Now, as we settle in for a period of undetermined duration in Winston-Salem, N.C., we are back on the grid. As much as I hate the grid, I do love air conditioning, and Ace loves it even more. I was holding off on turning it on, but this week did the trick, with record high temperatures that left both Ace and me panting.
The summer of 2010 was, or at least seemed to me to be, the hottest ever — maybe because we spent so much of it outside. If we’re in for another one of those, I’m happy to be indoors, and on the grid.
The grid, I’m sure, is equally grateful to have me back. You may say the grid can’t be grateful, the grid has no emotions, but keep in mind, the person who operates the grid does have feelings — that being the man.
The man, through individual networks, operates the grid for the system — the system being even bigger and fuzzier than the grid.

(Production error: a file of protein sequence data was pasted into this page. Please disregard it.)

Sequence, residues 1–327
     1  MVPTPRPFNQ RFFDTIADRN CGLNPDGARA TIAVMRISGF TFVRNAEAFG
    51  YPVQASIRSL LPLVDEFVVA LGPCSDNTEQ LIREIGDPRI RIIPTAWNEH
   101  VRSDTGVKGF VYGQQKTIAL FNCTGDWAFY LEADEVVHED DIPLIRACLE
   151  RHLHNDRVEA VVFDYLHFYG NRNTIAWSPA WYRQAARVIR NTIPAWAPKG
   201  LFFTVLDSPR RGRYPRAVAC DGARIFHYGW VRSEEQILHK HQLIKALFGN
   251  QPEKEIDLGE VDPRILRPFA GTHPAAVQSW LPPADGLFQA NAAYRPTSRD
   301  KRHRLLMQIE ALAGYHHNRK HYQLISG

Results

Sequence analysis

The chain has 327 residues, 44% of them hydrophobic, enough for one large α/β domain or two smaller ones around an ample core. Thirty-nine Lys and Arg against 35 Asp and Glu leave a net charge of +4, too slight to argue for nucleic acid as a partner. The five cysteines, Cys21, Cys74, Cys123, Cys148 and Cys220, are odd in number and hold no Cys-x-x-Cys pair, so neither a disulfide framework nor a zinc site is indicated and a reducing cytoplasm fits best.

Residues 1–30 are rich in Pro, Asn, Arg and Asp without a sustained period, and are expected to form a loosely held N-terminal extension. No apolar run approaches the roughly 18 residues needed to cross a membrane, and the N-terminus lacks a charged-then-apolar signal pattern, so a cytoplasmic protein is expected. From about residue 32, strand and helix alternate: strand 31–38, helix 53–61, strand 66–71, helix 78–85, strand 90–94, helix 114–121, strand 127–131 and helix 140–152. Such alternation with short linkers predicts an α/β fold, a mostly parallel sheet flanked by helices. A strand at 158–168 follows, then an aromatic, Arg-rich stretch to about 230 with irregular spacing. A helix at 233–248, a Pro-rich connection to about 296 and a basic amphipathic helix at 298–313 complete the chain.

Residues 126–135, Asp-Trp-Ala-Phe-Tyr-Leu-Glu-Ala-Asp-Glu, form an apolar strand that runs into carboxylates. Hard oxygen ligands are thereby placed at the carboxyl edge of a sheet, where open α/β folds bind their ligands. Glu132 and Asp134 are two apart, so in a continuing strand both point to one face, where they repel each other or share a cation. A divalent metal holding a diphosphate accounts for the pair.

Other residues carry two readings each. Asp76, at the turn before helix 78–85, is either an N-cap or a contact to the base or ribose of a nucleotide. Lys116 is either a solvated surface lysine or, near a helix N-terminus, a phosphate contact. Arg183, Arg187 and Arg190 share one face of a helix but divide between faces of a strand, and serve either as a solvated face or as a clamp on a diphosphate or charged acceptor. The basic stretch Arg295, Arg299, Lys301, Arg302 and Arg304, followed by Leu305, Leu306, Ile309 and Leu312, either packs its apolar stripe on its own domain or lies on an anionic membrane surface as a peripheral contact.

You may not entirely understand — just like you don’t understand your monthly bill — but the truth is we’re not supposed to. It’s all part of the matrix of vague terms, undefineable dimensions, innumerable options and indecipherable formulas thrown at us to keep us confused, subservient, feeling inadequate and paying the monthly bill.
I decided to restrict my patronage of the grid as much as I could — to electricity, gas and water.
Rather than add home internet, I decided to just keep my mobile version. Rather than get a landline, I just use my cell phone. (So, actually, by using those on the road, I was still on the grid, but the grid didn’t know my address, and neither did the man, since I didn’t have one).
In my new place, I checked into getting cable television, but the prices for that start at $60 a month, and I balked as well at the slightly lower prices of ot
her options. I nixed the idea of having a large satellite dish attached to house, and receivers installed inside. That would have given us 800 or so channels, but, as we all know, those recievers are also programmed to read our brain waves, and report our thoughts back to the man. That’s just the sort of thing the grid does.